The most serious threat to wireless networks is call volume. Wireless architecture has enough redundancies built in that a failure along any point wouldnt significantly cripple an entire network.
If one cellular base station or antenna - a node of the network that receives calls - were brought down, wireless phone and network devices would still be able to communicate with another one nearby. "Typically, your mobile phone is talking to from two [cells] to six cells," said Jim Freeburg, Lucent Technologies director of wireless architecture.
In addition, most wireless operators own spare cell sites, called cells on wheels. Carriers typically use them when they expect a surge in volume on a portion of the network, such as during major sporting events, but they can also be used to quickly replace a malfunctioning site.
Cell sites are connected to base station controllers and then to a switch, which connects the wireless network to the wireline public switched telephone network. Because as many as 25 to 50 cell sites might link to one controller, a failure at the controller could be damaging to a network. However, some wireless operators build their networks so that every other cell site in an area is connected to the same controller, so if one fails, the network can at least offer spotty coverage, said John Touvannas, senior product manager of Motorola.
Lucents gear combines the controller function and the switch, but most of its customers can reroute traffic to a different switching facility if one fails, Freeburg said.
In todays circuit-switched wireless networks, unusual call volume will always harm network performance as too many users compete for a limited number of circuits. But some mobile voice operators now using circuit-switched technology said they plan to move toward a packet-based network similar to that used by the Cingular Interactive data network.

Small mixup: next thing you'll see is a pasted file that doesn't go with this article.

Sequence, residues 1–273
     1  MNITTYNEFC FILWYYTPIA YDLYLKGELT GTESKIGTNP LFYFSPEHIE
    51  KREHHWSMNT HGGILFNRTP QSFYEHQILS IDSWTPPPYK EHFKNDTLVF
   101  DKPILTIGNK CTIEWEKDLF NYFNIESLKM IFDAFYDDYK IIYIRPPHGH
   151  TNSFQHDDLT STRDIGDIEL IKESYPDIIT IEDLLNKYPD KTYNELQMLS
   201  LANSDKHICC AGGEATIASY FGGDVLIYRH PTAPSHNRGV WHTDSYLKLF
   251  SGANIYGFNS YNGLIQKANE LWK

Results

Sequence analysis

"Its the difference between circuit-switched, where you need to have a direct connection and you only have so many circuits, versus packet, where data gets through in order of priority," said Jesse Perla, CTO of MobileQ, a developer of software for mobile e-mail and Internet access.
Motorola has developed an IP radio access network that it says will make networks more reliable. In such a configuration, all components, including the cell sites and controllers, are distributed and work as a peer-to-peer network. "If you lose one, the base station isnt specifically tied to one controller. Its routed based on load," Touvannas said.
But not everyone is convinced IP will make networks more robust; Lucents Freeburg is particularly worried that a software problem could spread across all the nodes. "The challenge I see for us is how to maintain the same level of reliability in the new IP networks. They arent automatically more reliable than todays networks," he said.